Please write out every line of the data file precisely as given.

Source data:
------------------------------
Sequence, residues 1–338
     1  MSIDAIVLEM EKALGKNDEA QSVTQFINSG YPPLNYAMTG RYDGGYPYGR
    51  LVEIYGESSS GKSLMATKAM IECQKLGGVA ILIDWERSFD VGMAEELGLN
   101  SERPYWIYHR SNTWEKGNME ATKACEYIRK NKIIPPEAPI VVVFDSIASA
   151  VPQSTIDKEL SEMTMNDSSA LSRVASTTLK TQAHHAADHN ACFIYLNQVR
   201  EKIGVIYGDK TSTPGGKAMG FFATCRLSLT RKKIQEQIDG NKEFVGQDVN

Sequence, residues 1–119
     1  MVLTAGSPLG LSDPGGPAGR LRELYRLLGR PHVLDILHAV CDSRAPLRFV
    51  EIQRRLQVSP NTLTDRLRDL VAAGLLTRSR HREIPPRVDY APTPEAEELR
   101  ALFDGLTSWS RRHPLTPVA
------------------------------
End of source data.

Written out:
Sequence, residues 1–338
     1  MSIDAIVLEM EKALGKNDEA QSVTQFINSG YPPLNYAMTG RYDGGYPYGR
    51  LVEIYGESSS GKSLMATKAM IECQKLGGVA ILIDWERSFD VGMAEELGLN
   101  SERPYWIYHR SNTWEKGNME ATKACEYIRK NKIIPPEAPI VVVFDSIASA
   151  VPQSTIDKEL SEMTMNDSSA LSRVASTTLK TQAHHAADHN ACFIYLNQVR
   201  EKIGVIYGDK TSTPGGKAMG FFATCRLSLT RKKIQEQIDG NKEFVGQDVN

Sequence, residues 1–119
     1  MVLTAGSPLG LSDPGGPAGR LRELYRLLGR PHVLDILHAV CDSRAPLRFV
    51  EIQRRLQVSP NTLTDRLRDL VAAGLLTRSR HREIPPRVDY APTPEAEELR
   101  ALFDGLTSWS RRHPLTPVA